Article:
Nonnus, Dionysiaca 22. 90 ff :
"Eridanos . . . swallowed a foreigner, Phaethon in his flood . . . he brings wealth from his trees to the friends who live near him as he rolls along the brilliant amber gifts of the Heliades."
Nonnus, Dionysiaca 27. 189 ff :
"[Dionysos addresses his troops in the Indian War:] ‘Let Astris [daughter of Helios] wander away to the mountains, to bewail her son Deriades a slave in heavy chains: let her go, if she likes, to settle in Celtic land, that she also may turn into a tree with the Heliades [i.e. Astris' half-sisters] and weep often in floods of sorrowful tears.’"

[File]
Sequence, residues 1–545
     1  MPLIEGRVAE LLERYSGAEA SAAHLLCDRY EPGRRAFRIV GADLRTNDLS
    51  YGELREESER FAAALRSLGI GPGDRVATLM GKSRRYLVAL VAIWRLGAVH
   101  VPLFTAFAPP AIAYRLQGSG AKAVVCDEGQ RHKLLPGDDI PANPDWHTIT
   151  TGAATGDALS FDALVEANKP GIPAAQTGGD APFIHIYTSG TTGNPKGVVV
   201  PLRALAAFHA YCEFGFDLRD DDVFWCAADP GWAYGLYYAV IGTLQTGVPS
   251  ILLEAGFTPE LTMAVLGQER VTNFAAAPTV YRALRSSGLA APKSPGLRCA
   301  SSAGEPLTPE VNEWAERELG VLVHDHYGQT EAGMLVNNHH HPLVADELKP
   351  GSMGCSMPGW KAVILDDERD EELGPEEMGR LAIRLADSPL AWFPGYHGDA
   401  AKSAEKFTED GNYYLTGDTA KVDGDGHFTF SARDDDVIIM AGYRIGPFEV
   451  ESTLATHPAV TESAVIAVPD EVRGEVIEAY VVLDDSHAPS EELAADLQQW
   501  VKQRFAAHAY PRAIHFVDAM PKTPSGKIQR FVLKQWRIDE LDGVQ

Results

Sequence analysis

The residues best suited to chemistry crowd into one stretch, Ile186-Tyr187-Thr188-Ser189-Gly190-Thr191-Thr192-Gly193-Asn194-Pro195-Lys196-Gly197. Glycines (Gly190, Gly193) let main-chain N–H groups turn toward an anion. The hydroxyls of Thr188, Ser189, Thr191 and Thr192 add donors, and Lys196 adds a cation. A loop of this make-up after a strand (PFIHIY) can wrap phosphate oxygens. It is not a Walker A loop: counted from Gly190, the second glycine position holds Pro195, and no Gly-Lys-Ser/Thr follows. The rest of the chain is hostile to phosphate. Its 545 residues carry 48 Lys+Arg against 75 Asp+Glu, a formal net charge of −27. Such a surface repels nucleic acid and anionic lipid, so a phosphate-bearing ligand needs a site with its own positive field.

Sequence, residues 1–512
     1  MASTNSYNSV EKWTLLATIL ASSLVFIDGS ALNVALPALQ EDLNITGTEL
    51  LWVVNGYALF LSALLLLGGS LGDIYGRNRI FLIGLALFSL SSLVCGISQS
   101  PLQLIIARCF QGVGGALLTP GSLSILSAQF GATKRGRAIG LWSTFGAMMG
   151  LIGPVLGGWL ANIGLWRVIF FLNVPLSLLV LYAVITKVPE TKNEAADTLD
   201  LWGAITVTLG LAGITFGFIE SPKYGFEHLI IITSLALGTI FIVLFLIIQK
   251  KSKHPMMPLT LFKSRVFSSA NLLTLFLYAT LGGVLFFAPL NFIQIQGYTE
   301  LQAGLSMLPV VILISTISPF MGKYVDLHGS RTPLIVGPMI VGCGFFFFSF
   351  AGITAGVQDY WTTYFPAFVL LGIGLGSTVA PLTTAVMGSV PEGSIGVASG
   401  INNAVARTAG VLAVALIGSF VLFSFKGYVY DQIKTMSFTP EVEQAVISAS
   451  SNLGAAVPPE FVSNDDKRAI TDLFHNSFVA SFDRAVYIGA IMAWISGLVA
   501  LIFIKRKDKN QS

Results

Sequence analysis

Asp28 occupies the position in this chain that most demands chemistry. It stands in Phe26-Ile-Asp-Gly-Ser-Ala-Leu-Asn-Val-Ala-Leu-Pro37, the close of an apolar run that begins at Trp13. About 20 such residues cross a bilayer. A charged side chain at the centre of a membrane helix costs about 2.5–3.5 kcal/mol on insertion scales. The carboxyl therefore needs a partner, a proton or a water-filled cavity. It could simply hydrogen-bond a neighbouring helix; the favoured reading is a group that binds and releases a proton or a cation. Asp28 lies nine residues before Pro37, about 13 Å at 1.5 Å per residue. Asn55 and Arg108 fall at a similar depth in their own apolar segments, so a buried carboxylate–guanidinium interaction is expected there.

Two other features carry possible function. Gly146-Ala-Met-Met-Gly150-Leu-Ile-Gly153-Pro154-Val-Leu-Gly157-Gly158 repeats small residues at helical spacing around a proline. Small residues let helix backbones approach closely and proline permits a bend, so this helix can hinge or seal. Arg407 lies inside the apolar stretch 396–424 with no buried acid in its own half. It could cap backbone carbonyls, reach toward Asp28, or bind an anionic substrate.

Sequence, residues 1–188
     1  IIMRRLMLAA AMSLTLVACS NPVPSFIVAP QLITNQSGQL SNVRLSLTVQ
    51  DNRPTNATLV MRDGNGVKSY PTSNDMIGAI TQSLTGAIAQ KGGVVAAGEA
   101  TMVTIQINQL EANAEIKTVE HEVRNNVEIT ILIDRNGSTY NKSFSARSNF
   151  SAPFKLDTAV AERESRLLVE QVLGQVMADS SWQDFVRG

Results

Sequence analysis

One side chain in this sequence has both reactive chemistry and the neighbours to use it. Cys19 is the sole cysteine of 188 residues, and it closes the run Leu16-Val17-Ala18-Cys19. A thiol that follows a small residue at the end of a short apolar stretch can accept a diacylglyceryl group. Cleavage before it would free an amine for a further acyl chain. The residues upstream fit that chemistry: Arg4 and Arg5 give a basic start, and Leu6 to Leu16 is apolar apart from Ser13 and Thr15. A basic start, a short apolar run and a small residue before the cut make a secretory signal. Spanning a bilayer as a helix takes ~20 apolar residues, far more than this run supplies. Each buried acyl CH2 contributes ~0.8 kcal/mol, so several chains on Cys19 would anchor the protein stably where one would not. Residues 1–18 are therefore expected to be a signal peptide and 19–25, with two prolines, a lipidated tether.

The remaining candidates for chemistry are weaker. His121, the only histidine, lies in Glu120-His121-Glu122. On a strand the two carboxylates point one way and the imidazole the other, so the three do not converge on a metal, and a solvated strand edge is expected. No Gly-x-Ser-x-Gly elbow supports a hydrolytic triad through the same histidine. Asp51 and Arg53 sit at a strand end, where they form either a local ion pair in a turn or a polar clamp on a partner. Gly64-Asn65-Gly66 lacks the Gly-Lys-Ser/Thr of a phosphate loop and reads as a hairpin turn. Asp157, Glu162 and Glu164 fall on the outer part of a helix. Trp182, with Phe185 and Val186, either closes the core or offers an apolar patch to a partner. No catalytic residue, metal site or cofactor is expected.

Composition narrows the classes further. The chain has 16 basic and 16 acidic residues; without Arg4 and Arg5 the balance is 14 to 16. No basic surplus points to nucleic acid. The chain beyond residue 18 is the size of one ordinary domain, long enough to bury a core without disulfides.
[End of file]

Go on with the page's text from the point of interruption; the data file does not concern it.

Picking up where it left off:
Nonnus, Dionysiaca 38. 99 ff :
"Phaethon, struck by the steam of fire divine, fell tumbling half-burnt from Helios’s lightbearing chariot, and was swallowed up in the Celtic river; and the Heliades (daughters of Helios) are still on the banks of Eridanos, lamenting the audacious youth with their whimpering leaves. At these words, Dionysos rejoiced in hope of victory; then he questioned Hermes and wished to hear more of the Olympian tale which the Celts of the west know well: how Phaethon tumbled over and over through the air, and why even the Heliades (daughters of Helios) were changed into trees beside the moaning Eridanos, and from their leafy trees drop sparkling tears into the stream [i.e. as the source of amber]."
Nonnus, Dionysiaca 43. 400 ff :
"Eridanos brought shining gifts [to the wedding of Poseidon & Beroe], amber from the trees of the Heliades that trickle riches."